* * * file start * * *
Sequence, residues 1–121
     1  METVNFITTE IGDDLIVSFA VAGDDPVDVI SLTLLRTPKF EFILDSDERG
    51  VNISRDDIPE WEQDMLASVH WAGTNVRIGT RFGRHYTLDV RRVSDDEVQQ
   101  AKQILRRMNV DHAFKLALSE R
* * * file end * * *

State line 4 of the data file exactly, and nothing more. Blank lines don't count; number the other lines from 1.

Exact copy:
   101  AKQILRRMNV DHAFKLALSE R